This the third part on church business meetings. In the first section I talked about how to make the membership reports more engaging; the second post was about church programs and reporting how they use their resources, both financial and people, to carry out the church’s vision. This post will be on church decision-making and voting.

Decisions: most decisions should be made at committee levels, since they have more time and information to get into the nuts and bolts of why a decision is necessary. For instance, financial decisions are the realm of the Finance Committee, decisions affecting the church’s staff are the responsibility of the Personnel Committee, etc. It is the duty of each committee to bring to the church a report (see part 2 in this blog series) detailing the actions and reasons. The committee can be asked questions, but the responsibility lies with the committee. If the church body at large disagrees with the committee, then the church body can vote to either replace the committee and/or overturn the committee’s action.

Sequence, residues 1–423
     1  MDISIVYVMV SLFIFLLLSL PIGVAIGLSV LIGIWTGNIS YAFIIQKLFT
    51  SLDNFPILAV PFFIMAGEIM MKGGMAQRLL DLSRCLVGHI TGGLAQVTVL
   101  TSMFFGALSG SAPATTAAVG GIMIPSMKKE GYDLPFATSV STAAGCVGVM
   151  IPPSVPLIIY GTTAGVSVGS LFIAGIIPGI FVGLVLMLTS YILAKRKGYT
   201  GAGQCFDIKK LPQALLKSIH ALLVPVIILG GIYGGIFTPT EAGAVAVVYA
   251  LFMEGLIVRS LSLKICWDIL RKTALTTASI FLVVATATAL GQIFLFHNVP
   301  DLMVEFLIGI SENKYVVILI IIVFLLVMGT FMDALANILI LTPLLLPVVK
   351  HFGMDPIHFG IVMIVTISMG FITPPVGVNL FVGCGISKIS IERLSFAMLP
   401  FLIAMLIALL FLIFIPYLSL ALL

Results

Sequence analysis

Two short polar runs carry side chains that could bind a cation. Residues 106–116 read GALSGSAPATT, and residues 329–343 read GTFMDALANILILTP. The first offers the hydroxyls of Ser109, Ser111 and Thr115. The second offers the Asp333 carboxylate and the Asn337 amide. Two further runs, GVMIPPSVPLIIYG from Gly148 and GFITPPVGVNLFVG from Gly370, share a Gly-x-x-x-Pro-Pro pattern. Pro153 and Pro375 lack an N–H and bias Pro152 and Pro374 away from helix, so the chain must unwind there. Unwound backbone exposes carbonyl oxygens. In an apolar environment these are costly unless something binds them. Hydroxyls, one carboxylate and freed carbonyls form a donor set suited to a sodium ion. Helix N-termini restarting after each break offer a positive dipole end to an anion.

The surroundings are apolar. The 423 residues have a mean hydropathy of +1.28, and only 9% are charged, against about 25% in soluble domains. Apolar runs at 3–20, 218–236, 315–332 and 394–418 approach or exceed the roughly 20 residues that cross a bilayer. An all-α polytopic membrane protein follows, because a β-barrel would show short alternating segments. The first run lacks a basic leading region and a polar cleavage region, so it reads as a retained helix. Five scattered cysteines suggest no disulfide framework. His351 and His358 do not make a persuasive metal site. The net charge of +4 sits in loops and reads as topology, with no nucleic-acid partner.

Decisions which affect the entire church body are the ones that should be intentionally brought before the entire church. This requires a lot of education of church members ahead of time. It usually means that information is shared at one meeting, time is built in for members to think about the decision and gain more knowledge, and then everyone comes back to a subsequent meeting for a vote. Asking members to show up at a meeting, get up to speed in 15 to 20 minutes and then vote is not reasonable. If a decision is important enough to be brought before the congregation, then it should be a deliberate decision and not a hasty one. Give people time and you’ll see the “wisdom of the crowds.”

Implementing all or parts of these recommendations will make church business meetings flow more smoothly, be more enjoyable, and lead to better actions by the church. Try to do one of these at a time and incorporate these ideas over a period of months, if not years, and then gauge the attitude toward business meetings.


Lead On!